A palpable buzz of excitement swept through the astronomical community following the discovery of Oumuamua late in 2017. This faint yet fast-moving speck of light was something genuinely new—a visitor from another star system.
At the time, astronomers joked about how Oumuamua’s elongated shape drew comparisons with the alien spacecraft in Arthur C. Clarke’s classic novel Rendezvous With Rama. Naturally, some people asked if it could really be a spacecraft.
Many hoped it would be. But the universe doesn’t bend to how people want or hope things to be. They can wish Oumuamua was a spaceship all they want, but ultimately the truth is in what scientific observations indicate.
There’s an unwritten rule in SETI, the search for extraterrestrial intelligence. Before shouting from the treetops that some unusual phenomenon is aliens, first exhaust every possible natural explanation.
The discovery of pulsars in 1967 by Jocelyn Bell-Burnell represents a classic example. Sober-minded scientists at Cambridge, U.K., genuinely wondered whether pulsars could be alien signals, until they dug a little deeper into the scientific literature and found that pulsars are spinning neutron stars.
Despite Avi Loeb’s insistence, scientists have not exhausted all the natural possible explanations for Oumuamua. Far from it. Consider the thoughts of astronomers who’ve spent their careers studying comets and asteroids. They observed Oumuamua while it was still visible for that short spell in the fall of 2017 and compared it with what we know of objects native to this solar system. They say Oumuamua is a natural object and that even its most bizarre properties can be explained.
So, let’s consider three of Loeb’s arguments for his spaceship hypothesis: that Oumuamua had a shape never seen before; that it accelerated when moving away from the sun; and that it was reflecting more sunlight than a comet or asteroid its size would.
Oumuamua was so small and far away that even the mighty Hubble Space Telescope could resolve it only as a point of light. Despite that, astronomers figured out that Oumuamua was elongated, as opposed to spherical, based on how its brightness changed as it spun. Early estimates suggested that Oumuamua was 10 times longer than it was wide, which would be extraordinary. More conservative calculations followed, with the consensus now that it had a minimum size ratio of 6:1.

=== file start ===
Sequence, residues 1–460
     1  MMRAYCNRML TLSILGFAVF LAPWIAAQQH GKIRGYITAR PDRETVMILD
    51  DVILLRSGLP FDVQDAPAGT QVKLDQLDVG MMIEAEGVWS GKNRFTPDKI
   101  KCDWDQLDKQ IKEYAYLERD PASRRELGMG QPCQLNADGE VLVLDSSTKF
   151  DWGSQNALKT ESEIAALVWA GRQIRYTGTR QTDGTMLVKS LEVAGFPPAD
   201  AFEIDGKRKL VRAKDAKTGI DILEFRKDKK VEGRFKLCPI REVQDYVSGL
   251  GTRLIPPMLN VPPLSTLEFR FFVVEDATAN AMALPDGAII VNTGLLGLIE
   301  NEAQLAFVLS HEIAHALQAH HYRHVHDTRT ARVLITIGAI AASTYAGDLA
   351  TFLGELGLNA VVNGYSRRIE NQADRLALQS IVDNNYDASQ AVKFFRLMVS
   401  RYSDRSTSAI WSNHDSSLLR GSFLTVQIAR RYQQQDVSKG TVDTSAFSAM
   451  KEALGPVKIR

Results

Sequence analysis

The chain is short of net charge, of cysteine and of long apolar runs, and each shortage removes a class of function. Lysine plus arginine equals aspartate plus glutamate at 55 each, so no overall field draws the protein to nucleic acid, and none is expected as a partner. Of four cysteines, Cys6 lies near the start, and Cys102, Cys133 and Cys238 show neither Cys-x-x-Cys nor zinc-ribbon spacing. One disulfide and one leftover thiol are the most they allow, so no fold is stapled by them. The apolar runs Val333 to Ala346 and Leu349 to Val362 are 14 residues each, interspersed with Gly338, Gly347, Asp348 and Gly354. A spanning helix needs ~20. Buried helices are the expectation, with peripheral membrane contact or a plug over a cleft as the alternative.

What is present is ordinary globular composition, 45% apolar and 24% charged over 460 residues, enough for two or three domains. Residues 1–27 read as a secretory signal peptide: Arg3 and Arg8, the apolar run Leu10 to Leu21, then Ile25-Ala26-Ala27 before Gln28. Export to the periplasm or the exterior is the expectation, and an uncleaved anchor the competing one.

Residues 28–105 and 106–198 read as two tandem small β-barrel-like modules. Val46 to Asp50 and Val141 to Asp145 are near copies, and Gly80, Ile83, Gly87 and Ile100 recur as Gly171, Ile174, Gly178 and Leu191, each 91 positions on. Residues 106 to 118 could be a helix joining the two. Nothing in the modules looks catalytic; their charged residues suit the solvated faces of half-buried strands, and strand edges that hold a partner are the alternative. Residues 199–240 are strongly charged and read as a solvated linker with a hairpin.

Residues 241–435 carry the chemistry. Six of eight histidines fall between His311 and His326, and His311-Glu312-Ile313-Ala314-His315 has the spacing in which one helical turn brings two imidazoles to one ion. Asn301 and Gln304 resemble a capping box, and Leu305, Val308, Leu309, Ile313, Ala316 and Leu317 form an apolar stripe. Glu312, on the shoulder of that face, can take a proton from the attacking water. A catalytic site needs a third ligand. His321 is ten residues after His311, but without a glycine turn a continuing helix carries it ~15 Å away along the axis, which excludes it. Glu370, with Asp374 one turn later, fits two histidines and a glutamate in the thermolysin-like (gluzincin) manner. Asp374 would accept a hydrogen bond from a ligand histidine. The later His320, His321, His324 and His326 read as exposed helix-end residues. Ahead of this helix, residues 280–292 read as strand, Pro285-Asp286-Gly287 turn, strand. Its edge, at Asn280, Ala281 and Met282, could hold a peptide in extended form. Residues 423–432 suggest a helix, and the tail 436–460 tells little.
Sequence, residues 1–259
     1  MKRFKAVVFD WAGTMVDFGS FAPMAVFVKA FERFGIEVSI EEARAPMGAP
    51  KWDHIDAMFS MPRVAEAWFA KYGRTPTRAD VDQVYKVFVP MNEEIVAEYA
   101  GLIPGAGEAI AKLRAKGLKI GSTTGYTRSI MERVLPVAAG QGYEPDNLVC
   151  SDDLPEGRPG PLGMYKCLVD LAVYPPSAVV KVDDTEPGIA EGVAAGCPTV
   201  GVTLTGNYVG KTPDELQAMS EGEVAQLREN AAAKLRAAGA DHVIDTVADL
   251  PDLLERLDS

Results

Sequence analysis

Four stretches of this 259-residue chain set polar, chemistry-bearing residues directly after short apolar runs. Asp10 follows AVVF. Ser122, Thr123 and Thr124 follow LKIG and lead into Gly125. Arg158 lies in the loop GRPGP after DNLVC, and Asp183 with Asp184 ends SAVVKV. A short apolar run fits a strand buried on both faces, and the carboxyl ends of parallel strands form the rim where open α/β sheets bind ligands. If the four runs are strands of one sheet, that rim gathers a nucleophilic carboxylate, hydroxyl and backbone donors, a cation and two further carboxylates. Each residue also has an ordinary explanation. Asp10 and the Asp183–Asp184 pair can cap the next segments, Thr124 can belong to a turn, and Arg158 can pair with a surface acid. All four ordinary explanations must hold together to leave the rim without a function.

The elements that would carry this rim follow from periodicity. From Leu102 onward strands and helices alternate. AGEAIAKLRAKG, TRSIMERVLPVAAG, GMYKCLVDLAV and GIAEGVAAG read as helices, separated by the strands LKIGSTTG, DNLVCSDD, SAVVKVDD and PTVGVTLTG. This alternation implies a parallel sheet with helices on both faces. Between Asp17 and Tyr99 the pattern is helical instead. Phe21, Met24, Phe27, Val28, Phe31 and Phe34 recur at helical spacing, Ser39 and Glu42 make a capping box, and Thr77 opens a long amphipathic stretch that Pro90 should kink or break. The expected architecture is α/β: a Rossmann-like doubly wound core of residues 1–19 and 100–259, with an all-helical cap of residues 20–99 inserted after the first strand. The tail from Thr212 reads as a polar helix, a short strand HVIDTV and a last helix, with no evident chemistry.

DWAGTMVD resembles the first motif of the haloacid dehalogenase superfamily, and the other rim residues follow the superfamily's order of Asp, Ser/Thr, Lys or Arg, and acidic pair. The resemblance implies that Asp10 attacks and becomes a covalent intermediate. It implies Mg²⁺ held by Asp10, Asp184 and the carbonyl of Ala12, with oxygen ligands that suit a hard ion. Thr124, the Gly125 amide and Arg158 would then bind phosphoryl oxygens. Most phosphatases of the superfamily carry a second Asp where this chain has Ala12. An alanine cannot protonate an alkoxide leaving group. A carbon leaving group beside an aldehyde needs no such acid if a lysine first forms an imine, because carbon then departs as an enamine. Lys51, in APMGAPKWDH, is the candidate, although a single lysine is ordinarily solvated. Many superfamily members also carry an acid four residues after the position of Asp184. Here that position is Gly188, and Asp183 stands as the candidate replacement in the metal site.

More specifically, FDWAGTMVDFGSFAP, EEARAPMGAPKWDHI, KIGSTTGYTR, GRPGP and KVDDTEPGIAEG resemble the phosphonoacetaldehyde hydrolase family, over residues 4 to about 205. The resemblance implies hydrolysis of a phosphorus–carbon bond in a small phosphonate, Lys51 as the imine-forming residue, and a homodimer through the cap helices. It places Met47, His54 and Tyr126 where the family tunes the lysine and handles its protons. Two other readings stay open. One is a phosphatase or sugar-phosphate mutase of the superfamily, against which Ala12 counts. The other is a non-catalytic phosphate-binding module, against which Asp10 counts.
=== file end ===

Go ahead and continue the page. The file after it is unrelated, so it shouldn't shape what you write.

That would make Oumuamua pretty weird—like a large, flat cigar tumbling through space. Loeb points out that some scientists have suggested a disc-shaped appearance for Oumuamua. Surely there’s nothing as bizarrely shaped native to our solar system, is there?
Actually, there is! On New Year’s Day 2019, NASA’s New Horizons spacecraft flew close to, and took pictures of, Arrokoth, which is an icy, comet-like object lurking with trillions of similar objects in the Kuiper Belt at the edge of the solar system. Arrokoth is two objects touching end-to-end. Taken as a whole, it has dimensions of almost 4:1.
So it’s not quite as elongated as Oumuamua, but the twist in the tail was that as New Horizons flew past, it saw that Arrokoth’s two lobes were not spherical, but flattened discs, like two plates touching.
Arrokoth was chosen at random, indicating other objects in the Kuiper Belt might be even weirder, perhaps weirder than Oumuamua.